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It’s A Time to Live Inside Out

It’s A Time to Live Inside Out

Posted by Kenny Vaughan on 19th May 2020

Excerpts from “The Right Fight: How to Live a Loving Life” by John Kennedy Vaughan

“I think it is vital that we all understand love and live it, because the opposite of love is fear, which leads to selfishness, and the last thing any of us really wants is for fear to rule our lives.

“Love doesn’t just respond to what people do. Love seeks to understand the thought behind the action. That is where the truth is hidden. We must ask ourselves why people do what they do before we respond. It’s not what we do but why we do it that determines if something is loving or fearful and selfish. This means that in order to live a loving life, we must see life inside out instead of outside in.

“Love always seeks the truth, and the truth is almost always hidden. By seeing life inside out instead of outside in, I mean that we should, first, consider the reason why someone is doing what they do. The best way I know how to explain this is to ask that you consider how you see yourself. Most of the time, we know why we do what we do, and many times, if we are not careful, we expect people to respond to why we do what we do instead of what we actually do. If we see life from the outside in, we only see what people do without considering why they do what they do. If we live outside in, we care most about what people do and how their actions affect us, without regard for why they act in a certain way.

“The problem with that is that even the best response is not effective if it’s a response to something that isn’t even true. In other words, when I respond to someone’s actions without considering why they are acting the way that they are, I may have a false understanding that can’t help resolve anything or bring true understanding that helps me make a wise decision. But if I take a moment to love others as I would want to be loved, and if I choose to live life inside out, I will ask myself why I think someone may have done what they did before I respond. If I am really courageous, I will ask the other person about it. Then I can respond to the truth instead of just how someone made me feel.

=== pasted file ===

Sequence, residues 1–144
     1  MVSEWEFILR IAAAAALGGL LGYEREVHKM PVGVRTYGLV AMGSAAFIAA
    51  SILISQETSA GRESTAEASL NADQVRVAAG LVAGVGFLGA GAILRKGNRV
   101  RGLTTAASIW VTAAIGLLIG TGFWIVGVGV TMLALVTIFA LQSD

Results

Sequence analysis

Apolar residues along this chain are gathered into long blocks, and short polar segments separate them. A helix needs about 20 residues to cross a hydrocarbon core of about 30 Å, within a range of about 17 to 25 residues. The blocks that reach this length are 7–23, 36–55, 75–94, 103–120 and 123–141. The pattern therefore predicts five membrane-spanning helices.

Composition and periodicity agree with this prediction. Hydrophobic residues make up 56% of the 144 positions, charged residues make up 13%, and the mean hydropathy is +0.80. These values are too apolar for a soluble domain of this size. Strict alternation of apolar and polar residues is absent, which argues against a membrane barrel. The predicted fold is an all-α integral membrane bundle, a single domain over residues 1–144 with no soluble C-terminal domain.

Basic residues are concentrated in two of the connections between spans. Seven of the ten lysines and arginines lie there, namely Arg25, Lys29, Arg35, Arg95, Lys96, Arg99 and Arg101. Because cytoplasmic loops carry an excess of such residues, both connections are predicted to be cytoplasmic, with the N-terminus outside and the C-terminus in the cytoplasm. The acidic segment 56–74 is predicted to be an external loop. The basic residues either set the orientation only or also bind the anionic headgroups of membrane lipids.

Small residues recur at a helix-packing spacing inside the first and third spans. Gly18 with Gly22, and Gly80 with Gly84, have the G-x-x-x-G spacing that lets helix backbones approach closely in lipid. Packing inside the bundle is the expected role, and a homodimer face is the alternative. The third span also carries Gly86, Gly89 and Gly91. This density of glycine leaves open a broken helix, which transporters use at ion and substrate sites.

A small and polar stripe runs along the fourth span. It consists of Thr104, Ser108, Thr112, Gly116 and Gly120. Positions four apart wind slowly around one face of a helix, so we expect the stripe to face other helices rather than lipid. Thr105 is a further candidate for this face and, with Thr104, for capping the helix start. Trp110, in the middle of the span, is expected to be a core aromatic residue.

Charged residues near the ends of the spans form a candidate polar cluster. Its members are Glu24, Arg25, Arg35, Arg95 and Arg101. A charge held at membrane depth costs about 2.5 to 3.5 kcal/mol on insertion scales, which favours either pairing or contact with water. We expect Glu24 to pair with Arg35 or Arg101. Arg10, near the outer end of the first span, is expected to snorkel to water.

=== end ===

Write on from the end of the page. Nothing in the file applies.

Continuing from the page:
“Let me give an example of a time I made the mistake of living outside in. One time, I was very frustrated with a waitress that seemed absentminded as she waited on us. I misunderstood her as someone who didn’t really care. It was my birthday, and my family and I were at my favorite restaurant. I only get to go once a year because no one else in the family likes it. I eat salty, fried crabs and normally drink several large drinks, but this time I found myself sucking on my ice most of the time.

“Tammie and I also noticed that two young girls that seemed to be under ten years old were sitting by themselves, unattended, at another table nearby the whole time we were eating. Many times, I almost got up and complained about not having my drink refilled. I wanted to yell across the restaurant at our waitress for more tea, but, thank God, I did my best to control my own anger.

“Since my family and I always share Shield of Strength necklaces inscribed with scripture with many we encounter, I normally leave one for our waiter or waitress when we dine out. That day, I hadn’t planned to leave one behind, but my kids insisted I leave the waitress a heart necklace with this scripture on the back: ‘Create in me a pure heart, O God, and renew a steadfast spirit within me,’ from Psalm 51:10.

"After we left the restaurant, the owner chased us down in the parking lot and told us the waitress was crying in the back and couldn’t pull herself together to thank us. The owner then said, ‘Your waitress lost her husband in a car wreck two weeks ago. Today was her first day back at work, and the two girls sitting next to you were her children.’

“I was humbled and amazed. My selfishness had only thought to respond to the waitress from the outside in without considering what she was dealing with on the inside. Thank God my children saw her from the inside out.”

In these uncertain times, live inside out -- regarding others, not in anger or fear, but in love.

Laus Deo,